| instruction, even the FMA group, multiplied the number of code points

| for these instructions by 8, even though it is not clear (at least to

| me) how important the use cases are.  (IMO this might tend to support

| ds2horner's proposal to use 48- or 64-bit instructions for some of the

| vector capability, but that is off topic for the present discussion;

I am obviously making this concern a new thread.

Basically, I am hoping these points will be the salient ones for a response to the Public Review question I raised.

| and I can see a counter-argument that using machine state simplifies

| pipelining setup that might depend on that state.)


A longer 64-bit encoding was always planned for the vector extension as it is clear that the set of desired instruction types could not fit in 32 bits.

vtype is extensible, another of the reasons that this design is superb.

For example, data-type overriding to substitute for relevant integer ops complex float allowing it and real float to coexist through a section of code.  

The main simplification from using the separate control state was in avoiding the longer instruction width, not in pipelining, which it actually complicates.


I think the concern might be unprivileged instructions depending on unprivileged state, which is much less common.  I think the vector situation is different than, for example, round mode.  The difference for vectors is that the added state is used for every vector instruction.  It’s part of executing vectors that the state is set.  A restart point is required to have strided or indexed memory operations and an MMU.  A length is required if we wish to avoid special code to handle vector lengths that are not a multiple of the hardware lengths.  We can’t avoid some of this state even with 48-/64-bit instructions.  We would probably avoid SEW and LMUL with longer vector instructions, but since length has to be set for all vector instructions in some way, setting SEW and LMUL isn’t as big an issue as setting round mode for floating-point operations.





What is the thinking for when we go to >32-bit encodings with respect to vtype and masks? I assume that the longer encoding could encode SEW (and LMUL?) as an override of vtype. What about masks though? If we enable more than one masks (m0…mN) in 48-bit/64-bit encodings, and we want to mix 32-bit and 48-bit/64-bit instructions in the same code, do we still specify that e.g. m0==v0 or do we need to explicitly copy v0 to e.g. m0 before it can be used with 48-bit/64-bit instructions (and vice versa when switching from 48-bit/64-bit instructions to 32-bit instructions)?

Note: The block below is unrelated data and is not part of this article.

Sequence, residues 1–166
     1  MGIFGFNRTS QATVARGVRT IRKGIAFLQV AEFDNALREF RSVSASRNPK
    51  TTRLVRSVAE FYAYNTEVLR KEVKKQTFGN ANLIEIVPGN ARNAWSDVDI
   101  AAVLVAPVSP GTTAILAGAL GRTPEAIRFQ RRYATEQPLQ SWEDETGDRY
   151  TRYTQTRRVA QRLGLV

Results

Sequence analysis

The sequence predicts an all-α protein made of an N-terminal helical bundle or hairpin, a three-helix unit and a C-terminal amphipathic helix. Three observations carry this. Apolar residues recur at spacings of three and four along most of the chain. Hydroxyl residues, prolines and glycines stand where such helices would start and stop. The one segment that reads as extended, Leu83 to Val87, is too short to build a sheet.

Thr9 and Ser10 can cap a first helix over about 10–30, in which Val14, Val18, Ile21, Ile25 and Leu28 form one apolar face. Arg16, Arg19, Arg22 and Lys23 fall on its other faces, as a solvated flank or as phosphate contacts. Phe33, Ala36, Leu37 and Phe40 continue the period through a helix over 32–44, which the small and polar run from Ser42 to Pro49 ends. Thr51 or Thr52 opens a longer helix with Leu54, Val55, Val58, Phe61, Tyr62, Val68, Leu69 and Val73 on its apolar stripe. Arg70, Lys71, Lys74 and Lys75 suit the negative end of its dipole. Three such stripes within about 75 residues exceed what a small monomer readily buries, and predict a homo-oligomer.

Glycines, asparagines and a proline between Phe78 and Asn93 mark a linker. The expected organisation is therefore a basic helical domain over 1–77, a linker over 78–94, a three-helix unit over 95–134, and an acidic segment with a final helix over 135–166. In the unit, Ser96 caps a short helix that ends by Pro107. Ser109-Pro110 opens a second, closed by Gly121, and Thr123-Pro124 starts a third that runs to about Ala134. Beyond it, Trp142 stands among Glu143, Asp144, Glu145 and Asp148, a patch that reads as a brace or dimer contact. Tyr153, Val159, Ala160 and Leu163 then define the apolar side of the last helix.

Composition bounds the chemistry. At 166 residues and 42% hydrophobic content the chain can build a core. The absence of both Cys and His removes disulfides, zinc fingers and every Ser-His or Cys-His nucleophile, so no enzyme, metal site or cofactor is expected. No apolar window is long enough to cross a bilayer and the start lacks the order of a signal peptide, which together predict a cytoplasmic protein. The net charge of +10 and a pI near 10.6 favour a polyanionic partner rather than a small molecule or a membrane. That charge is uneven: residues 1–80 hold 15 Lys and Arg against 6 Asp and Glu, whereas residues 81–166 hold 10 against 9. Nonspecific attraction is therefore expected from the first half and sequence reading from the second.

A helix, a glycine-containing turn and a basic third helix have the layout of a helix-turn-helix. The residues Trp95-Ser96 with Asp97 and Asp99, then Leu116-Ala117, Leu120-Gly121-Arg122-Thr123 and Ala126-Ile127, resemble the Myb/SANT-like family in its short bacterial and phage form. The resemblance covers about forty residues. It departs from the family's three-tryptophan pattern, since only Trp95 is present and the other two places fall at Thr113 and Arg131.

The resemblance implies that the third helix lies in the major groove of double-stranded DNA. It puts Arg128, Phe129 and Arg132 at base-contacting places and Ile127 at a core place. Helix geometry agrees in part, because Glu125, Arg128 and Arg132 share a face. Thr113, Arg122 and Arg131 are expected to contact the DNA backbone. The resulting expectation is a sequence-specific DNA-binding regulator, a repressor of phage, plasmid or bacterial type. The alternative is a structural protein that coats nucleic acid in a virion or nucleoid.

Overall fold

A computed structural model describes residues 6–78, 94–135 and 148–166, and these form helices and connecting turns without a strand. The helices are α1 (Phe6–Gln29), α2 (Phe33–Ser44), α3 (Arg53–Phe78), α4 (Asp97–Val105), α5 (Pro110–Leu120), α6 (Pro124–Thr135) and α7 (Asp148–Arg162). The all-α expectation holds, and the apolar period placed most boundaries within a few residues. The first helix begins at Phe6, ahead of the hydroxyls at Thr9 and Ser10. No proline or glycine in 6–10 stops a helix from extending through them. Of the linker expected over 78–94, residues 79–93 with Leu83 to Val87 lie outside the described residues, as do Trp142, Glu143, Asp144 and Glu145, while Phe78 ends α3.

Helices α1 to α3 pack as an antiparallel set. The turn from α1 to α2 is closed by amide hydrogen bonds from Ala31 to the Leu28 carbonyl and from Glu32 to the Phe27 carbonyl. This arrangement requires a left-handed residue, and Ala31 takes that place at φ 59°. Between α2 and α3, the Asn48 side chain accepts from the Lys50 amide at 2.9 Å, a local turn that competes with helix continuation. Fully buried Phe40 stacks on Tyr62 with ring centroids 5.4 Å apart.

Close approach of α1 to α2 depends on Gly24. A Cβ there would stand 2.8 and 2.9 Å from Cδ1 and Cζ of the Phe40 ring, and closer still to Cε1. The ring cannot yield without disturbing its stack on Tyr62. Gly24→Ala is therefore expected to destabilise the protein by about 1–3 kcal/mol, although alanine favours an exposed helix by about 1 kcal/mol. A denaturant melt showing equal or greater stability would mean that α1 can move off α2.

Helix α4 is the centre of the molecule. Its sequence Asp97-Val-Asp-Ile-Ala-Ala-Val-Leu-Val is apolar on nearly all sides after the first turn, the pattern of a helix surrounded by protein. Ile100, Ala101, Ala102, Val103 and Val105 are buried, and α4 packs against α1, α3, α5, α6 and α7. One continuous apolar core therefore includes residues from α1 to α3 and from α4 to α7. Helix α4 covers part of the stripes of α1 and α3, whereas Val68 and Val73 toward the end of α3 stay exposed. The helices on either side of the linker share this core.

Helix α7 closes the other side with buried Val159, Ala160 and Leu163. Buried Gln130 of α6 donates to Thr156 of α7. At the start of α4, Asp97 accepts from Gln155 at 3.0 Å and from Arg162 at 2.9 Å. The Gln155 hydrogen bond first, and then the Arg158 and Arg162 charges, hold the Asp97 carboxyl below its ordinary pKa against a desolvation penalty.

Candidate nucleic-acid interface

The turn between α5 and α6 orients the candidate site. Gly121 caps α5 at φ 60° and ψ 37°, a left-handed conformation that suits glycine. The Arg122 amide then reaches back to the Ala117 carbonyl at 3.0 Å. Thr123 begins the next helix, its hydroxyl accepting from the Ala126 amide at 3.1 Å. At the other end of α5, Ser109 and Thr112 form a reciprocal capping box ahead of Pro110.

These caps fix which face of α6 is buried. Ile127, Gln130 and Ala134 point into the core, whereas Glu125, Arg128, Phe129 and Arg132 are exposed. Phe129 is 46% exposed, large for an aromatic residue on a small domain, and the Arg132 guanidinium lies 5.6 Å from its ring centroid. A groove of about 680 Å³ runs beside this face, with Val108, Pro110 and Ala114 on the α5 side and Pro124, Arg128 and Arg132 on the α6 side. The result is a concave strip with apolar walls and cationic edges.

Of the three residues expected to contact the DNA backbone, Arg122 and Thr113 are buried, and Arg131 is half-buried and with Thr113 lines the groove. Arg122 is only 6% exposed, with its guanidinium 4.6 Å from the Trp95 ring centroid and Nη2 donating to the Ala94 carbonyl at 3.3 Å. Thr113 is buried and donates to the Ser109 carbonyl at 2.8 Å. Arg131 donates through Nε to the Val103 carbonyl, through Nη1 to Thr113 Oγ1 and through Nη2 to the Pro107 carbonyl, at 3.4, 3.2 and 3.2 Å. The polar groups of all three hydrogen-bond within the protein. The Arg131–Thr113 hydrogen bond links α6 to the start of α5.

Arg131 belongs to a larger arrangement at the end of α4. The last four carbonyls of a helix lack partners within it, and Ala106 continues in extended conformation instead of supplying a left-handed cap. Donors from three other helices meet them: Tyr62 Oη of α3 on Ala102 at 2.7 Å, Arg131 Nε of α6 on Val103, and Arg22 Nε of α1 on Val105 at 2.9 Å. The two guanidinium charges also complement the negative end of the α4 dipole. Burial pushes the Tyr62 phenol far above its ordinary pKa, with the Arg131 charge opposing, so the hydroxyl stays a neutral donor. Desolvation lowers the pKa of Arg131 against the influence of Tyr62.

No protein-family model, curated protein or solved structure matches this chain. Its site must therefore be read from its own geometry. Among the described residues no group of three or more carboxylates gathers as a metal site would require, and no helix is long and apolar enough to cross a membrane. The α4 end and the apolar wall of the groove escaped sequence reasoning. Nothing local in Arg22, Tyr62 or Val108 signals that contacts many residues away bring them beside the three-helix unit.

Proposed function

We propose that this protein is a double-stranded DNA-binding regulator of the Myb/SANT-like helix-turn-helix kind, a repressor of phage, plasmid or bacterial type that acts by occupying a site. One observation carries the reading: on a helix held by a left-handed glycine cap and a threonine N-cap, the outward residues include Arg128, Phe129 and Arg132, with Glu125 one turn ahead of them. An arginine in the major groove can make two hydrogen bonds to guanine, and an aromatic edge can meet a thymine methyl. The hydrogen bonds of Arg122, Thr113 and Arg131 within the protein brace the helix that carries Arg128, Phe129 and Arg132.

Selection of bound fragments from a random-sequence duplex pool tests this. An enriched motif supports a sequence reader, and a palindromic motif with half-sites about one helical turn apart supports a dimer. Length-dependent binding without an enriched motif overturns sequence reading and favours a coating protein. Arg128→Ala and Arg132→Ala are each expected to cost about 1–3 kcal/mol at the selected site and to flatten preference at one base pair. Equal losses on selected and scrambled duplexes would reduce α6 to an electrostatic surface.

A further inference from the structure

The salient point of coexistance is probably why we will expand within 32bit opcode space for the foreseeable future.

It would be nice if we could reclaim v0 (actually v0 through v7 for LMUL=8) from being a mask to being able to hold data,

The mask designation could be in vtype while still using 32bit instruction encoding.


*and* not to have to force the whole code/loop body to use 48-bit/64-bit instructions in order to do this.




I don’t think there’s any agreement at this point on what goes into a longer instruction, but there are a number of candidates, including at least:

  • LMUL
  • SEW
  • VMA and VTA bits
  • Register specifier for the mask register
  • Additional registers – perhaps 128 instead of 32

Additional register designations 64 or 128 are the most likely motivator to >32bit instr.

However, I can imagine a windowing mode in which unaligned register in different LMUL>1 map above the base 32 registers.

Even without modifying vtype this is possible, and with vtype complex windowing is possible.

  • Possibly a fourth register specifier (not counting mask).


If I’m counting correctly, that’s already 28 additional bits.  That’s in the range of the maximum that can be put into a 64-bit instruction set.  There are probably more candidates and discussion about which ones to include will certainly be needed. 😊



For me, the most compelling justification for using 32bit opcodes is the intentional design to provide vector functionality to minimal systems.

The design is not just for the super computers but the vision is that such an integrated vector feature can be used to auto-vectorize standard code logic.

To be amenable to the lowest of the low.

It is this accomplishment above all others that I am most appreciative to the TG.

Thank you all.